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Blind Spot

How Neoliberalism Infiltrated Global Health (California Series in Public Anthropology #30)

M.D. Salmaan Keshavjee, Paul Farmer (Foreword by)


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Neoliberalism has been the defining paradigm in global health since the latter part of the twentieth century. What started as an untested and unproven theory that the creation of unfettered markets would give rise to political democracy led to policies that promoted the belief that private markets were the optimal agents for the distribution of social goods, including health care.

A vivid illustration of the infiltration of neoliberal ideology into the design and implementation of development programs, this case study, set in post-Soviet Tajikistan’s remote eastern province of Badakhshan, draws on extensive ethnographic and historical material to examine a “revolving drug fund” program—used by numerous nongovernmental organizations globally to address shortages of high-quality pharmaceuticals in poor communities. Provocative, rigorous, and accessible, Blind Spot offers a cautionary tale about the forces driving decision making in health and development policy today, illustrating how the privatization of health care can have catastrophic outcomes for some of the world’s most vulnerable populations.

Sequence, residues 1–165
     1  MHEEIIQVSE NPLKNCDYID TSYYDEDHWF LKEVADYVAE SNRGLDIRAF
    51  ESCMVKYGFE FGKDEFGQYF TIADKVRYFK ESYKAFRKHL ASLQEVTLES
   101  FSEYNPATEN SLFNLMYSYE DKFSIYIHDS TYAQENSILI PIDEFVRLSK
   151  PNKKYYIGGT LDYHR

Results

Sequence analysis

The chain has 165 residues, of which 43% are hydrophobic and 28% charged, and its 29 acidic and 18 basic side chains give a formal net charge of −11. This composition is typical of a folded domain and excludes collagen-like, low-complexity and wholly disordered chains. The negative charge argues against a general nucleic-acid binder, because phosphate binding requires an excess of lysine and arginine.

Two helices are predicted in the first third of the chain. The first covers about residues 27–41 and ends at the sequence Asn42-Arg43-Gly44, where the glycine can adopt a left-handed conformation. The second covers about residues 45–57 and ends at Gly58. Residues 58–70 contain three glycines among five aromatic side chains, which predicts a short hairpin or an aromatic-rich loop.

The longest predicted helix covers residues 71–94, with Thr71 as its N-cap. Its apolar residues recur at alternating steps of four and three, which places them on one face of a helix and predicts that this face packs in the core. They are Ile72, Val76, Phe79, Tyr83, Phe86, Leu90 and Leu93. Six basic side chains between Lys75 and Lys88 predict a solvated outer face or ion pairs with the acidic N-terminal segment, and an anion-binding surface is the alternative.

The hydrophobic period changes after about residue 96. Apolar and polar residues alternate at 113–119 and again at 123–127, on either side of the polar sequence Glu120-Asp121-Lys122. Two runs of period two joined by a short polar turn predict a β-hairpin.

Praise For Blind Spot: How Neoliberalism Infiltrated Global Health (California Series in Public Anthropology #30)

"An accessible summary of the rise of neoliberalism following World War II and its impact on global health and development programs into the late 20th century and beyond. . . . A valuable resource."

— American Journal of Human Biology

"Blind Spot provides much greater clarity in our understanding of the specific agendas promoted by neoliberalism, including the distinct forces involved and their relation to health delivery programs."

— American Anthropologist

University of California Press, 9780520282834, 288pp.

Publication Date: August 15, 2014

About the Author

Salmaan Keshavjee is a physician and anthropologist with more than two decades of experience working in global health.  He is the Director of the Program in Infectious Disease and Social Change in the Department of Global Health at Harvard Medical School, where he is also Associate Professor of Global Health and Social Medicine and Associate Professor of Medicine.  He also serves on the faculty of the Division of Global Health Equity (DGHE) at Boston's Brigham and Women's Hospital, and is a physician in the Department of Medicine.

Paul Farmer is cofounder of Partners In Health and Chair of the Department of Global Health and Social Medicine at Harvard Medical School. His most recent book is Reimagining Global Health. Other titles include To Repair the World; Pathologies of Power: Health, Human Rights, and the New War on the Poor; Infections and Inequalities: The Modern Plagues; and AIDS and Accusation: Haiti and the Geography of Blame, all by UC Press.